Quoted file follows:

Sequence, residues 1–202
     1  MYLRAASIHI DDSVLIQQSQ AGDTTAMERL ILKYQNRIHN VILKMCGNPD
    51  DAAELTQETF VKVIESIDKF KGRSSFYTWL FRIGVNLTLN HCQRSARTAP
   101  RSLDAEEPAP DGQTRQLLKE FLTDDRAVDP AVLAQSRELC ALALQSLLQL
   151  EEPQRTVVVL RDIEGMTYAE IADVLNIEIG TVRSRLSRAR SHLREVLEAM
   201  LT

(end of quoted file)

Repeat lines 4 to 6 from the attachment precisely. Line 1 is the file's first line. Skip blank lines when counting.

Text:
   101  RSLDAEEPAP DGQTRQLLKE FLTDDRAVDP AVLAQSRELC ALALQSLLQL
   151  EEPQRTVVVL RDIEGMTYAE IADVLNIEIG TVRSRLSRAR SHLREVLEAM
   201  LT